A Buddha head sculpture by Zhang Huan is part of Asia Society Hong Kong Center's Transforming Minds: Buddhism in Art exhibition. Asia Society Vice President for Global Art Programs and Museum Director Melissa Chiu, Lead Curator for the exhibition, tells Scene Asia that the exhibition's contemporary artworks — by Montien Boonma, Zhang Huan and Mariko Mori, in addition to Joo — can be read as "a dialogue with the past."
A Buddha head sculpture by Zhang Huan on the rooftop. The new non-profit Asia Society Hong Kong Centre opened in February this year on a hill above several 5-star hotels and a large shopping mall in Admiralty. Located at the former Explosives Magazine Compound built by the British Army in the mid-19th century, three of the buildings on the site were classified as Grade 1 historical structures.
Two Buddhas, representing permanence and transience, face each other. One, a hollow aluminum mould, shimmers in beams of sunlight. Its tranquil head lies severed at its feet. The second buddha is a casting of the first’s interior and is created from 20 tonnes of incense ash sourced from Shanghai temples. As time passes, it will eventually crumble.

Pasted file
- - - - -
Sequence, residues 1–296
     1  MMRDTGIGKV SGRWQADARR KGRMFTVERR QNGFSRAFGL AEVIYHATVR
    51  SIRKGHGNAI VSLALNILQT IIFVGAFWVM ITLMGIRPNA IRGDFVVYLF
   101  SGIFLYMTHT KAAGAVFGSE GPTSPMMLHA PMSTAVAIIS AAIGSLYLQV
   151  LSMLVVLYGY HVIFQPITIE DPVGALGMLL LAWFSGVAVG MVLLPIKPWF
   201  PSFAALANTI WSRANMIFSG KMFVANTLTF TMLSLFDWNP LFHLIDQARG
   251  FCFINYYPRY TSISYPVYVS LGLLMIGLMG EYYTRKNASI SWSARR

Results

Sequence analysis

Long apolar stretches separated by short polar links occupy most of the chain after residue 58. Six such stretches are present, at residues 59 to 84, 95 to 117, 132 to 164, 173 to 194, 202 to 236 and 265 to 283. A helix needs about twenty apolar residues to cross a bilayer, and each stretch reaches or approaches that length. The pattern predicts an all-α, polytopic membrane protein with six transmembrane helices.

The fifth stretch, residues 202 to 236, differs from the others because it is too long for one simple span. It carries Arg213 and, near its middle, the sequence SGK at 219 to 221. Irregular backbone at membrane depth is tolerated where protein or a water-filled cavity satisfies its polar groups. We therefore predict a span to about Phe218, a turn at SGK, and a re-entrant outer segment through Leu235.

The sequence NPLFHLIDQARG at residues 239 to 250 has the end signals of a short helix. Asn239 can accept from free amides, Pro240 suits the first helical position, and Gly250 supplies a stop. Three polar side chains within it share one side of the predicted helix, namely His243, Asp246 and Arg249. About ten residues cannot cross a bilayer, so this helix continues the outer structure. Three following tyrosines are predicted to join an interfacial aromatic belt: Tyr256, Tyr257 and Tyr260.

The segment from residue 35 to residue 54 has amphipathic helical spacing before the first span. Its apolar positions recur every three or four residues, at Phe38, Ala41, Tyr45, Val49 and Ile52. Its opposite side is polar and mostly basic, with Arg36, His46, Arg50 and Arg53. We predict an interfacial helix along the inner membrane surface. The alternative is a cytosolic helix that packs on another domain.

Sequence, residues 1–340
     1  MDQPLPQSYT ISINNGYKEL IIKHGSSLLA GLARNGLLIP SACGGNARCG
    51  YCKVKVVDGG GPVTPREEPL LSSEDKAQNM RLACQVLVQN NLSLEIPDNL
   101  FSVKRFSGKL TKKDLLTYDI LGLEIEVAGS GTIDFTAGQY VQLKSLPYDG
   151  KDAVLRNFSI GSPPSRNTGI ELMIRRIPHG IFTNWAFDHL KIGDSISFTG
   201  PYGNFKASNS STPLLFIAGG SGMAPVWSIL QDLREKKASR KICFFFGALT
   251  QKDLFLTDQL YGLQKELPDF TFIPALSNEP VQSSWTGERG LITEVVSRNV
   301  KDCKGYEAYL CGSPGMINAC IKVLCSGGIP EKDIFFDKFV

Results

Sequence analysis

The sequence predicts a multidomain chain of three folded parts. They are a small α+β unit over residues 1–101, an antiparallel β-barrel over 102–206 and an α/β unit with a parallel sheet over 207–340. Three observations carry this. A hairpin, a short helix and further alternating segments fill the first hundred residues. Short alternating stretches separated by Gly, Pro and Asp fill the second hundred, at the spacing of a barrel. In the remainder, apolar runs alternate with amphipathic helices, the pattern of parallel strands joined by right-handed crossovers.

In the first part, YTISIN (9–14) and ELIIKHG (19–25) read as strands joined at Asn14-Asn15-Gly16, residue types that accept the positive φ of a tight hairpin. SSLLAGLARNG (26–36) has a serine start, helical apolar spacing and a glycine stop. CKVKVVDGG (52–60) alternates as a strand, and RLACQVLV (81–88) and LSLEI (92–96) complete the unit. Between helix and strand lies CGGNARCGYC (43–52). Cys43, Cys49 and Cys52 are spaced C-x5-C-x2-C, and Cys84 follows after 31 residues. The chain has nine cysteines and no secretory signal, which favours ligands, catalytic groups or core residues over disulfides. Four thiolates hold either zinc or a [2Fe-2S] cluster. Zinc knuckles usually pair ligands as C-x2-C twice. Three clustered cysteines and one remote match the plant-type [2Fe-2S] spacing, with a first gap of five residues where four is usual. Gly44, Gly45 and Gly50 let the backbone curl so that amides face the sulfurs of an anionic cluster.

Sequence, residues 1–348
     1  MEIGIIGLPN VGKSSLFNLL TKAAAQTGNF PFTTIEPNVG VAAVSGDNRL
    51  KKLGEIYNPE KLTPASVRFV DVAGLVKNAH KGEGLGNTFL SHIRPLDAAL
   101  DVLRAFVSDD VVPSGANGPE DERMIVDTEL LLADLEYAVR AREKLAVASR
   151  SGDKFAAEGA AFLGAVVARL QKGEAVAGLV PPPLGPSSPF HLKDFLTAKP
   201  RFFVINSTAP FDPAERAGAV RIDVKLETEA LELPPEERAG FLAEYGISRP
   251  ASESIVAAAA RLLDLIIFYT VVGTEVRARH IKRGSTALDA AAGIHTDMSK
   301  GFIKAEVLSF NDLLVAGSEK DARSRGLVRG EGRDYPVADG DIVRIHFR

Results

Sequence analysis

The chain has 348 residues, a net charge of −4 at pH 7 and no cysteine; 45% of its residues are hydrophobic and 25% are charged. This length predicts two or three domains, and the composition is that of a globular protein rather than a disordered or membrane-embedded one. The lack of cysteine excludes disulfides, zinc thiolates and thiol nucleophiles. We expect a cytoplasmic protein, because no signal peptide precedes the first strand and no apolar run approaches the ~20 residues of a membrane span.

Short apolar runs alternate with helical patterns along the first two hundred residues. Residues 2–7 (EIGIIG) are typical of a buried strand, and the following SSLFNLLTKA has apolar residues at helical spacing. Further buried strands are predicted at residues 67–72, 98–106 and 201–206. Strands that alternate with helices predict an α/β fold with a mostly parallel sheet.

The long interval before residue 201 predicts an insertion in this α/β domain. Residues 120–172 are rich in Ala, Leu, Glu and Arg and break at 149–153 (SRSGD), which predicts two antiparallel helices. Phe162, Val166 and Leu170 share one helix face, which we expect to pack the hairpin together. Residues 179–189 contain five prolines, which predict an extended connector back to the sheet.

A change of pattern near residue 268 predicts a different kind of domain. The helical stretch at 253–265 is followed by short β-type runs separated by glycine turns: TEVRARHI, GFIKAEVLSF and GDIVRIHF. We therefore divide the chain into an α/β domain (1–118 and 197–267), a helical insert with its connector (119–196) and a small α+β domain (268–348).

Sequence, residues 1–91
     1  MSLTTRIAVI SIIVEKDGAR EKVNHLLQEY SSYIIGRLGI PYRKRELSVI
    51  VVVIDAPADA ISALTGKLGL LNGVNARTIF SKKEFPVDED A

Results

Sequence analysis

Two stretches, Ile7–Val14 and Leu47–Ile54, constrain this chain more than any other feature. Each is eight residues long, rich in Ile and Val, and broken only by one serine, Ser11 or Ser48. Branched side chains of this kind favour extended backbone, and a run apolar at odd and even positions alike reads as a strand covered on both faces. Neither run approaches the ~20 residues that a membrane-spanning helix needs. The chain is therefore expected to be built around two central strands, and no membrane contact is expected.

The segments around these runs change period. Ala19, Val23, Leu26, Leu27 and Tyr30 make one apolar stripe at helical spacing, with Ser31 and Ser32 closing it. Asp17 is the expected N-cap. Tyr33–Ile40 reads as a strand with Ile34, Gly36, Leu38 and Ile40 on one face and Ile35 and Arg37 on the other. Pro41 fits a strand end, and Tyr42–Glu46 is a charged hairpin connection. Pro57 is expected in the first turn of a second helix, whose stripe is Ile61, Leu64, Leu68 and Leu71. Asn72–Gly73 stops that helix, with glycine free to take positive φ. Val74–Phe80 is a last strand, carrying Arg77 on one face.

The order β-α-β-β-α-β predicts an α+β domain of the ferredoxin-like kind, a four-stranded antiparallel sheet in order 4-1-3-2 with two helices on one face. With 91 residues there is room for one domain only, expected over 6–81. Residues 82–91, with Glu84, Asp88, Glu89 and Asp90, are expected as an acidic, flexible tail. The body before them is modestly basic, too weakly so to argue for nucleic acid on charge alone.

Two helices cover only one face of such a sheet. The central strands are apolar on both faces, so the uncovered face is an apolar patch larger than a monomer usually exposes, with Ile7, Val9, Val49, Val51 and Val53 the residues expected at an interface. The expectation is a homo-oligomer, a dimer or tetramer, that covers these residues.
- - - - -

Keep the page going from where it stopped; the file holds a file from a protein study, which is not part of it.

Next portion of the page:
“For me [the ash] is souls,” explains Zhang, sitting next to his creation and opening his palms in a gesture of prayer. “This is my Buddha flying here to bless the people and the city.” Otherworldly, maybe. But Zhang, who is taut and wiry with an open unlined face far more youthful than his 50 years, is also funny and humble. For the launch he is dressed entirely in shades of grey, from his hiking shoes to his cap to his grey polo shirt, the collar upturned. There are traces of the grace and physical poise that made his performance pieces as a young man beautiful: as he talks, he sits bolt upright, sometimes resting his toes on pointe like a ballet dancer. Zhang was born Dong Ming, meaning “eastern brightness”, in 1965 to factory-worker parents a year before the cultural revolution erupted. Embarrassed by his revolutionary name (an homage to Chairman Mao) he changed it when he moved to Beijing in the 1990s to study at the Central Academy of Fine Arts. There, living with other poor migrants and artists, he created angst-ridden performance pieces that brimmed with pain and a meditative masochism. That Zhang – the rebellious, dirty, daring artist who hung naked from the ceiling of his studio, suspended in chains, with his blood dripping on to a pan below where it slowly cooked – is gone.